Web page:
by Fr. George Morelli 
Most readers are familiar with the metaphor "a double-edged sword," - a blade that cuts both ways, idiomatic for a liability that can also be a benefit. The current state of social media certainly lives up to this expression.
The beneficial, favorable aspects of social media are many. Information on diseases, health, spiritual issues, charities, economic issues, current events, science, history and travel can be found and discussed online. It can also be a medium to bring people together, including family and friends. Unfortunately, the unfavorable aspects of social media are also quite apparent and often have grave consequences.
A prime example is the suicide of a 12 year old girl, Rebecca Sedwick, in Lakeland FL. After being taunted, vilified, by cyber-bullying via social media by some of her female classmates, she jumped off a nearby nearly 60 foot cement tower in September 2013. "You should die," someone told the 12-year-old. "Why don't you go kill yourself?" She was so emotionally distraught that she sent a social media message to a friend, texting: "I'm jumping, I can't take it anymore." A message that he received on Monday morning, shortly before her suicide, authorities said. It was reported that her mother spoke to school authorities and closed and re-closed Rebecca's Facebook account. However, unbeknown to her mother, the cyber-bullying continued on less familiar social media sites like Kik Messenger, ask.fm and Voxer.
From a psycho-spiritual viewpoint, the misuse of social media is a violation of the sense of the value of the person. The concept and value of personhood is common among world religions. The Vedic literature of the Hindu tradition teaches that the soul enters the body at conception; the self (atman) is the essence of human life. Buddhism teaches that all human beings share a set of psychological properties such as self-love, death-hatred, and being willing to have a good future. These psychological facts are something to be respected by other persons. The killing of others is wrong in Buddhist teaching because it violates self-love. Other moral codes in Buddhism can also be understood in this light. In Christianity, personhood is derived from the fact that God created man in His own image. The Eastern Church Father St. Thalassios gives this a philosophical-spiritual connotation by saying that "a person may be defined as an essence with individual characteristics."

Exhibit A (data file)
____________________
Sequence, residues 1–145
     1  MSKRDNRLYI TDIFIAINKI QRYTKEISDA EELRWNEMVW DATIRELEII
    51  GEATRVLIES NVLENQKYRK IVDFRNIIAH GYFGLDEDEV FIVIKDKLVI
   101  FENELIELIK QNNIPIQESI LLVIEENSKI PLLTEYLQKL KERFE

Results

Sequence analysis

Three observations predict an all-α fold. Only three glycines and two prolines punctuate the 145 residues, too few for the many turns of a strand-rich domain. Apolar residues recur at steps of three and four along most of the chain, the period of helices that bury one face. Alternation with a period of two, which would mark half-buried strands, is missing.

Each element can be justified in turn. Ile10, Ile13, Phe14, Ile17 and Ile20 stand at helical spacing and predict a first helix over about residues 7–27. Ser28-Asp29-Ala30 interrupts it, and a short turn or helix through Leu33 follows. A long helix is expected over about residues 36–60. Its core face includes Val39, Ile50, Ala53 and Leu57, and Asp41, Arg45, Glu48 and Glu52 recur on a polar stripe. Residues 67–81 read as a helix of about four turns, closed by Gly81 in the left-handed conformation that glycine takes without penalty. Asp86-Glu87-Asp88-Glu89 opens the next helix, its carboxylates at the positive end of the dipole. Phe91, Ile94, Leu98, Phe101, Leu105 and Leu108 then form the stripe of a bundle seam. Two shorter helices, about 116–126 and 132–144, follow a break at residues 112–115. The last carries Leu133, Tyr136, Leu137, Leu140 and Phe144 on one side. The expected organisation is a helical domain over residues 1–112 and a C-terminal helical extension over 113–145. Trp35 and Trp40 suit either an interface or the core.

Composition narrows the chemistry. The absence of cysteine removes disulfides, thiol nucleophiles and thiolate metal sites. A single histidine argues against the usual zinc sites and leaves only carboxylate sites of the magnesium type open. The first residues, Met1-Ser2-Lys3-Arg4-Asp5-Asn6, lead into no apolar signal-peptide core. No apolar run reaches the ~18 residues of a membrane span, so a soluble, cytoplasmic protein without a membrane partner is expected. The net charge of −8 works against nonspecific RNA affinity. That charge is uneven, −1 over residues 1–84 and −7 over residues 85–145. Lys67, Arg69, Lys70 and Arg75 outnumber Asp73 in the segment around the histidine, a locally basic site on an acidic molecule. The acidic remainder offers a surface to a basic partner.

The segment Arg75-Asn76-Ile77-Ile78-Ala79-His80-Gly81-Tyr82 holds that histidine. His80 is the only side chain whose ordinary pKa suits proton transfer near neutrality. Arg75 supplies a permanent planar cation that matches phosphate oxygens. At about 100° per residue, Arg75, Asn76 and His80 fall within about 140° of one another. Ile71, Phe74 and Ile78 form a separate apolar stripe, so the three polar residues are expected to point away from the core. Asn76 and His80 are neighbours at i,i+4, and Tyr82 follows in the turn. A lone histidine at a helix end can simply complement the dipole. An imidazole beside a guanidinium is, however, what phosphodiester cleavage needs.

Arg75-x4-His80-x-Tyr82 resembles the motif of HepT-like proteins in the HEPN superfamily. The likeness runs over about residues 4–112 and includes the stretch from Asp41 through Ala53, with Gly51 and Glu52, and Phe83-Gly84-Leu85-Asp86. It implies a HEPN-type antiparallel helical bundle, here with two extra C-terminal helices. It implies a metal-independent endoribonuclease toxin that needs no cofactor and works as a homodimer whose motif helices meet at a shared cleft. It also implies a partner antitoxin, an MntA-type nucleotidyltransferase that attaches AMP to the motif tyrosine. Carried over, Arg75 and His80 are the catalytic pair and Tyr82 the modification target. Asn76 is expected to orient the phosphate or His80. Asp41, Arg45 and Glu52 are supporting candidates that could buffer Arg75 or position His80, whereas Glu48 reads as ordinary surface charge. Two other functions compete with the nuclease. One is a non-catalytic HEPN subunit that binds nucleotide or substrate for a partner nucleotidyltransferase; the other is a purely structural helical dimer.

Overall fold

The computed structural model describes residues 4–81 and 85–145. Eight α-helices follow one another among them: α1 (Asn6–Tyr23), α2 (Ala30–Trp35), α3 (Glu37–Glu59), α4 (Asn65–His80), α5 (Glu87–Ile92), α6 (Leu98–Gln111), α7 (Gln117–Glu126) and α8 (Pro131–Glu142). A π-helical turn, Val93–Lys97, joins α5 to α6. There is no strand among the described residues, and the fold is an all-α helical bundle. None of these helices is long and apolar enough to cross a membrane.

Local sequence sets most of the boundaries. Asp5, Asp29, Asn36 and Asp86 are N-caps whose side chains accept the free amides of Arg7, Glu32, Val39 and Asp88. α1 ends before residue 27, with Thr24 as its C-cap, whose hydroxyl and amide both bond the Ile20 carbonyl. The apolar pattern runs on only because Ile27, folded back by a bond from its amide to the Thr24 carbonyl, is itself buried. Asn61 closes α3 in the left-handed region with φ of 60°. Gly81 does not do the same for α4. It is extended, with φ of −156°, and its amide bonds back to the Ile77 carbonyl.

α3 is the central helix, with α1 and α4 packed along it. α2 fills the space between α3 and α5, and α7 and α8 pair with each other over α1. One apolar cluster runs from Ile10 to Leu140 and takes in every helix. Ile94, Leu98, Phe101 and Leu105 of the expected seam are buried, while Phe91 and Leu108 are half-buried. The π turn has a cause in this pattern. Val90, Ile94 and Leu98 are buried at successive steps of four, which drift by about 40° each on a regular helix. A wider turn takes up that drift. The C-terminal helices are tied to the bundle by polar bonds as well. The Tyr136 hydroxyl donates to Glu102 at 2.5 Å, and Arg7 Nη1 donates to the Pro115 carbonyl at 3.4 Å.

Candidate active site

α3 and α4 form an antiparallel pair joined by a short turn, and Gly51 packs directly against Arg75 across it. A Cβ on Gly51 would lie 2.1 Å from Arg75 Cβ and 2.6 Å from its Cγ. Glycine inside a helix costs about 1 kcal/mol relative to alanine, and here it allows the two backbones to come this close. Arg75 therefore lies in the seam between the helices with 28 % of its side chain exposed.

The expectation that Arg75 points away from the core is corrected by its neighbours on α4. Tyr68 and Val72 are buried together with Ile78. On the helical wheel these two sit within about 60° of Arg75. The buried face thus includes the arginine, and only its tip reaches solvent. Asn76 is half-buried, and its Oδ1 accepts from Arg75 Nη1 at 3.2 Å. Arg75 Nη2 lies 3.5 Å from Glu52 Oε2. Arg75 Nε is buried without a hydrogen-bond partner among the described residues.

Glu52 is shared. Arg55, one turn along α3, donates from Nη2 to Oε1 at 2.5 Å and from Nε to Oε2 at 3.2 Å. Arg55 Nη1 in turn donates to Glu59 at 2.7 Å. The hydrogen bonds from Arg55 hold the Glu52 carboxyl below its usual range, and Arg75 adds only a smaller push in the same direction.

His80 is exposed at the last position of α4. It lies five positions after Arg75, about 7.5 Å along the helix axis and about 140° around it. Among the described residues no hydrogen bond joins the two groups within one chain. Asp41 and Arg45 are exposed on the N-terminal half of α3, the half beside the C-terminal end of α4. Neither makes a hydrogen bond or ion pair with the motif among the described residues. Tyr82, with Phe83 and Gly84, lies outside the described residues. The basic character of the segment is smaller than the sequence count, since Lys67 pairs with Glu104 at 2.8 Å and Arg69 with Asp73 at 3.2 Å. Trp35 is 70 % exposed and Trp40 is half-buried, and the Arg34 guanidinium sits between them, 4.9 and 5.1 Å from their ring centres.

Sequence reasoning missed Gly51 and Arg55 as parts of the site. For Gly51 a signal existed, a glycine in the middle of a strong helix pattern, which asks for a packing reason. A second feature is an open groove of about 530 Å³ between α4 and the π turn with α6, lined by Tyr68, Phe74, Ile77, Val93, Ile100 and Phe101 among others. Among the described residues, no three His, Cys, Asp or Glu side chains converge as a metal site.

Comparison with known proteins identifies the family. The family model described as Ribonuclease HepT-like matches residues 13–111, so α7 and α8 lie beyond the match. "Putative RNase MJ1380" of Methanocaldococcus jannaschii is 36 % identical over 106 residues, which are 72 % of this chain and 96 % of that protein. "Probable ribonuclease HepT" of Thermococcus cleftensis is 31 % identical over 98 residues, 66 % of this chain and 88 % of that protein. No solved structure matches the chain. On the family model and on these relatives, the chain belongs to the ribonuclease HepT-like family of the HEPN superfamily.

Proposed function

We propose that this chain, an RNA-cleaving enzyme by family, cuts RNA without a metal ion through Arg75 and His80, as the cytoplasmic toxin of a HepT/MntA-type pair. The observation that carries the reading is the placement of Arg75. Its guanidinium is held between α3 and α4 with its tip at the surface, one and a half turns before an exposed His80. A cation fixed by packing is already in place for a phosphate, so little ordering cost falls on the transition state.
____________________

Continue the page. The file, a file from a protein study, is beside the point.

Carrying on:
A return to the sense of the personhood of each individual would dull the evil side of the "two edged sword." What can we do? Foremost, and at the very least, we can pray for both victims and their families as well as for the abusers, the cyber-bullies. Also, if we are in a position to act, we can make sure proper warnings are given to proper authorities. Not responding, and surely not retaliating, to the cyber-bully can be a form of negative punishment and, hopefully, lead to diminished harassment. Cyber-bullies are rewarded when they know they are upsetting their victims. On the other hand, holding (and promoting) the idea that cyber-bullying is "lame" behavior might be useful. Above all, in order to treat people with respect for the personhood which they, and we, have, we must see that all mankind, as is told us in Genesis (1: 26) are made in God's image. In this regard, we can contemplate Jesus' Parable of the Last Judgment: "Amen I say to you, as long as you did it to one of these my least brethren, you did it to me." (Mt 25: 40). These ways may help us to blunt the nefarious side of the two-edged sword of social media.
vii Palmer, G.E.H., Sherrard, P. & Ware, K. (Eds.). (1981). The Philokalia, Volume 2: The Complete Text; Compiled by St. Nikodimos of the Holy Mountain & St. Makarios of Corinth. London: Faber and Faber.